GHOST ARMY Carol Godsmark novel
Synopsis: In the glorious sunshine of June 1914, there was no thought of war, no international crisis and no hint that crowned heads of Europe were poised to tumble, one after the other. But all this changed on August 4, 1914 when war was declared, the street posters of Kitchener pointing his finger at young men creating a fervour of patriotism. Ted Digby, a 45 year old driver of the red double decker is no exception.
Ghost Army charts the Great War and its impact on a spectrum of British society seen through the eyes TED DIGBY, the driver (45) of an iconic red London Omnibus. Dalston-born and bred and bound for the Western Front, he is seen as too old to take on such arduous, dangerous work by his wife and daughter but due to the fervour of partisanship on the opening days of war, he decides he must be instrumental in the battle. Like many, he believes that the war would be short-lived.
“Well, a lot of people think it would be over by Christmas,” he reasons. He is accepted, despite his age, and is seconded to the Army Service Corps, his bus affectionately named Ol’ Bill, pushed into service from its usual route of Euston Station to Shepherd’s Bush via Trafalgar Square to the Western Front during the four years of conflict in Belgium and France.
Passengers on the bus include RALPH GANT (23), pigeon handler who takes over the top of the bus for communication to the Front Line and who cannot communicate verbally to people due to shell shock, only to his birds; BILLY BOY COTGRAVE (20), Ted’s co-driver who finds a mentor in Ted and falls in love with Ted’s daughter Ruby ; DICKIE LOVELOCK (29), a London wheeler dealer and one-time driver to Lord Harmsworth via whom he discovers the finer things of life working for the print baron. He will stop at nothing to acquire stolen goods when working on the war bus.
The story fluctuates between the Western Front (Ted, the bus, the characters, the effects of war) and the Home Front (Ted’s wife Norah, their daughter Ruby, the impact on their lives and a growing awareness of women’s emancipation due in part to the absence of men, new openings in their lives including taking on jobs previously filled by men, now at the Front).
To avoid spoiling the book for prospective readers, the entire synopsis will be sent to interested parties (agents, publishers) alongside a covering letter. Edited by professional editor.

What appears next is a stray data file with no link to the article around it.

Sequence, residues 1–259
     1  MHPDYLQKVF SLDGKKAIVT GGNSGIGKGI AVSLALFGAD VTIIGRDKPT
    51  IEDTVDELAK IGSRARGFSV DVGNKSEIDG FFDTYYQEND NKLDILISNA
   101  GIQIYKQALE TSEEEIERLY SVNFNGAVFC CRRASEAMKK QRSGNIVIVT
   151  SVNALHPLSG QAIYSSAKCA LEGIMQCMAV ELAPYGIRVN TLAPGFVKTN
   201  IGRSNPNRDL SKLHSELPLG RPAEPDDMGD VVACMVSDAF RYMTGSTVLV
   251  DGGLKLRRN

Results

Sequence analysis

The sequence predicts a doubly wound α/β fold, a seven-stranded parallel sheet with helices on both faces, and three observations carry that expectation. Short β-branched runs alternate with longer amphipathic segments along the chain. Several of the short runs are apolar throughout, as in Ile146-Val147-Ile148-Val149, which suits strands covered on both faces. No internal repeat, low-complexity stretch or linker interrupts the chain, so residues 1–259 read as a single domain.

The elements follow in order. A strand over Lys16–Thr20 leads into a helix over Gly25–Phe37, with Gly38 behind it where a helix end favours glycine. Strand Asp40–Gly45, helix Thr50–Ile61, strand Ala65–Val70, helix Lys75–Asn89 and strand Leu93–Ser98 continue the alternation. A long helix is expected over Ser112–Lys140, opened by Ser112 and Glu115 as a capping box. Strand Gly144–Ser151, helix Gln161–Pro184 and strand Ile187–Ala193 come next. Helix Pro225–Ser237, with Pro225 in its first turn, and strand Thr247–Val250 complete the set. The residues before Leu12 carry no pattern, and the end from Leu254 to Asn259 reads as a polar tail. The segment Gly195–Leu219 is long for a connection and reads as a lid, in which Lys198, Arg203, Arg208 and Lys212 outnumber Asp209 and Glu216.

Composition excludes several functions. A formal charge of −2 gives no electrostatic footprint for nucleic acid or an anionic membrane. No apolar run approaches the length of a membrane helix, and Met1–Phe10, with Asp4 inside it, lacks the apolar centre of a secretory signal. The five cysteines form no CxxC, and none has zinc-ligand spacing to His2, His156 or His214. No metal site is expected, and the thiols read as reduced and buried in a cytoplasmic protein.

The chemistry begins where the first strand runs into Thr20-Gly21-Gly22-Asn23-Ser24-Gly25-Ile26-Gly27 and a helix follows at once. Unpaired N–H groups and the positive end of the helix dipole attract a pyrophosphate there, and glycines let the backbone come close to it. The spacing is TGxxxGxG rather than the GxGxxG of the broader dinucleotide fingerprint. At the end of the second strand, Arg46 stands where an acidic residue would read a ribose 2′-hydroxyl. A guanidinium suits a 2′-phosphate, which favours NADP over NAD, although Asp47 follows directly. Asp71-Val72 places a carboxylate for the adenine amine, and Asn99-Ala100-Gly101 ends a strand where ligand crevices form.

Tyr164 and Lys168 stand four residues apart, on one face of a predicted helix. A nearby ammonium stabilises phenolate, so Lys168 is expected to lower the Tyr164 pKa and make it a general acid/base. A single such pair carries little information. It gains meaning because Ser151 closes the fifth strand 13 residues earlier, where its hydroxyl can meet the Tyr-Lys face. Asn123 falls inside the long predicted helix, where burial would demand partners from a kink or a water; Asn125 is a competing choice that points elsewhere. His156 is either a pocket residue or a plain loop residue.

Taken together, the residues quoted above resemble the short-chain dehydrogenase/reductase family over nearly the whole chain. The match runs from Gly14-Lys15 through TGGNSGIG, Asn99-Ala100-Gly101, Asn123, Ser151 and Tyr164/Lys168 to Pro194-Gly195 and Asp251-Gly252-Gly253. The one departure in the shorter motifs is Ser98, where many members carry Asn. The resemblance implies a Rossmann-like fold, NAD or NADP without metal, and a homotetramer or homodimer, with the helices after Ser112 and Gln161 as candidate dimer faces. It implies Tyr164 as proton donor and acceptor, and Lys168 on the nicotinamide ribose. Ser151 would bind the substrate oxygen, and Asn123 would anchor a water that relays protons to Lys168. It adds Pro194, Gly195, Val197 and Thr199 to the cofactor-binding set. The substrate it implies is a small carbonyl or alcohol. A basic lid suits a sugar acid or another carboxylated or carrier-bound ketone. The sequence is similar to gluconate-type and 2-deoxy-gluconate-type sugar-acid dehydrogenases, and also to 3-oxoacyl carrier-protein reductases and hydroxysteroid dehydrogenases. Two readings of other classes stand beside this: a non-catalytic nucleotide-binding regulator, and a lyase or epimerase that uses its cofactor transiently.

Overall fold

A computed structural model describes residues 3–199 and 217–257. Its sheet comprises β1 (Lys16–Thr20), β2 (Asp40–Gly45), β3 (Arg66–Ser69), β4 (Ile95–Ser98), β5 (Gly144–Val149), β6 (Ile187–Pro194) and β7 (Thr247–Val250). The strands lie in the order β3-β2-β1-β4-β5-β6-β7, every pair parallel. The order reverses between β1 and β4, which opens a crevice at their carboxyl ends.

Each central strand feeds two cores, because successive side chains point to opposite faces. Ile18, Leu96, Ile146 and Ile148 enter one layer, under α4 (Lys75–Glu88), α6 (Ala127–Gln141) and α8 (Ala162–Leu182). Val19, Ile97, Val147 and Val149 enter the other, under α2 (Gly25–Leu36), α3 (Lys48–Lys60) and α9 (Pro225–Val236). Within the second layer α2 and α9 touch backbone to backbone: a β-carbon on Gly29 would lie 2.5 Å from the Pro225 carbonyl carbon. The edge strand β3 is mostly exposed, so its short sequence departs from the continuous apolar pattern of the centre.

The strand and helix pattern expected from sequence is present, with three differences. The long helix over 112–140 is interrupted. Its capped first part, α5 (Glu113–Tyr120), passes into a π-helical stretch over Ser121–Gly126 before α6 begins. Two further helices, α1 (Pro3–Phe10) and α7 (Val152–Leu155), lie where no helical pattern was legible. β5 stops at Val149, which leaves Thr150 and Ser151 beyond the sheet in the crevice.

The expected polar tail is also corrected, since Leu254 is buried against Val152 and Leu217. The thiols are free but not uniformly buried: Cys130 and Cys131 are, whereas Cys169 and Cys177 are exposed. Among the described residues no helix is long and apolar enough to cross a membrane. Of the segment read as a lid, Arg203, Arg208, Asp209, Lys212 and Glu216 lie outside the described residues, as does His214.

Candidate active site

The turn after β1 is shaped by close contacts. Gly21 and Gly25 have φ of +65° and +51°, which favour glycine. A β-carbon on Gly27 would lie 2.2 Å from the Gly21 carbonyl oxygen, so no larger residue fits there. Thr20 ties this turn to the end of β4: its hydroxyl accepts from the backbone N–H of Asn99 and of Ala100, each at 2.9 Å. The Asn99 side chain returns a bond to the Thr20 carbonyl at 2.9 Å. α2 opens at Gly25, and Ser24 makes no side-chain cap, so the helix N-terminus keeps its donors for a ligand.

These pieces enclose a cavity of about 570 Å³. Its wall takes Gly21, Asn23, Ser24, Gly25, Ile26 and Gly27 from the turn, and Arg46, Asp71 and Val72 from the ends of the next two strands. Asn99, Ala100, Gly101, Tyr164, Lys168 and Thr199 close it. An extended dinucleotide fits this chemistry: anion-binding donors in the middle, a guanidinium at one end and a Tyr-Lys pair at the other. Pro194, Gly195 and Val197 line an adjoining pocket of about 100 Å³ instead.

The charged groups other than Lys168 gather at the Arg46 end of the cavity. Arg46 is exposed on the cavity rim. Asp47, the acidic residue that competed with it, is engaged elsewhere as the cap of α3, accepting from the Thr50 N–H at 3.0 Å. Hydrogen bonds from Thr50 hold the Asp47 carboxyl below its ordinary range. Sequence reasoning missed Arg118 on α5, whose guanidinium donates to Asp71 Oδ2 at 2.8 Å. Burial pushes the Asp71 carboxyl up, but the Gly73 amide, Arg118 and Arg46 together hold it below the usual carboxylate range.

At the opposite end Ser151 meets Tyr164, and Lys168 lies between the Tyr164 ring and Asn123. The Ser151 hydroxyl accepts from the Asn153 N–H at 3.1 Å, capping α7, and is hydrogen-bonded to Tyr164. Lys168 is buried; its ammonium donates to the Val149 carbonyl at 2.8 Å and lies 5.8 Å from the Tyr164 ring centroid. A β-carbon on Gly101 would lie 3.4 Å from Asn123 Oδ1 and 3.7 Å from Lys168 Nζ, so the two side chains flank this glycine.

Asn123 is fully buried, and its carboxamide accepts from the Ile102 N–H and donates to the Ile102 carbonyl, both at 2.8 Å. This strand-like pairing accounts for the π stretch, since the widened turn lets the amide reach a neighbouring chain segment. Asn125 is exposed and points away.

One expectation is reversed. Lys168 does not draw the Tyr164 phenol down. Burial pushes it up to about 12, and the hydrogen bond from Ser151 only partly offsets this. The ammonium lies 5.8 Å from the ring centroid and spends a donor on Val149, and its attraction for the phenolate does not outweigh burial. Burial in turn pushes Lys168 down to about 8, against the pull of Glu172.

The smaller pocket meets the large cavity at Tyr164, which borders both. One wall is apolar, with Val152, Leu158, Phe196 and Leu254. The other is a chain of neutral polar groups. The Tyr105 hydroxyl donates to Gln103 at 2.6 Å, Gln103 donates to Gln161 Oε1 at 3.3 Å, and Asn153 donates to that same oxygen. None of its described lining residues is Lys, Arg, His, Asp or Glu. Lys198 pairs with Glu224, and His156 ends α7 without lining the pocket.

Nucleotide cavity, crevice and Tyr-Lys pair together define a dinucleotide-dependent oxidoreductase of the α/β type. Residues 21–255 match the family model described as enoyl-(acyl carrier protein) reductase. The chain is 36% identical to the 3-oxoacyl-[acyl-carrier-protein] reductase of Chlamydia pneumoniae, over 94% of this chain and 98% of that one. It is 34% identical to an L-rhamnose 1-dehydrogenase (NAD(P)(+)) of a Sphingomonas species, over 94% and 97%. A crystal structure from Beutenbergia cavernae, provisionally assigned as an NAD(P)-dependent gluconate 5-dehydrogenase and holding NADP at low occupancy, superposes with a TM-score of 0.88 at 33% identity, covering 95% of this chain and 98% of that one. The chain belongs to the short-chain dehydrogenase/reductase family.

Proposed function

Extensive research at Imperial War Museum, London Transport Museum,.geffrye-museum.org.uk (Dalston, East London),, BBC, Bishopsgate Institute, Long, Long Trail, Army Service Corps, Base Depot, Royal Logistics Corps Museum, Chichester Library and many books including Zeppelin Nights, Fighting on the Home Front, My War Diary, Tommy’s War, Forgotten Voices, Dictionary of Tommies’ Slang and Songs, Trench Talk, Trench Orders, Love Letters of the Great War, Destination Western Front, Women in Britain 1900 – 2000, Women on the Warpath, London, The Story of a Great City.
Please visit Short Stories & Plays for NUMBER SIXTY TO THE SOMME, co-written by Carol Godsmark and Greg Mosse for production at London Transport Museum and other venues. Based on Carol’s novel, Ghost Army.
STALIN’S GUESTS Carol Godsmark novel
PLOTLINE: Flora’s safe, comfortable, predictable life in Canada is turned upside down when the family moves behind the Iron Curtain to Prague to work at the Canadian Embassy in 1953. The date is at the height of Soviet clampdowns in Czechoslovakia during Stalin’s grip on the country, combined with western McCarthy-era Communism paranoia. Soon left to her own devices in the Czech capital due to her father’s work and her mother’s life-threatening illness, Flora inadvertently enters the world of spies. An avid Nancy Drew reader, she soon takes on the mantel of spy herself and becomes embroiled in escalating situations involving her parents, their housekeeper Dalibora, Mrs. Svobodova (the dissident painter who Tom commissions a portrait of Flora and her journalist husband for Tom’s own comprising diplomatic information-sourcing) – and new friend Petr, a 14 year old Czech boy with a past, all main characters posing a danger for both Canadian and Czech outsiders.
Based on the author’s upbringing in Prague during this era, many of the events reflect an outsider’s life and experiences of the author. Flora and her family are some of the few Westerners in a land of fear, political show trials, food shortages and Soviet posturing which needs to be negotiated. Yet, the human spirit is largely the same throughout the world as Flora finds out. The usual stories written about this era are usually the reverse: people fleeing Iron Curtain countries, not moving to them.
Stalin’s Guests is seeking a publisher/agent: Contact Carol
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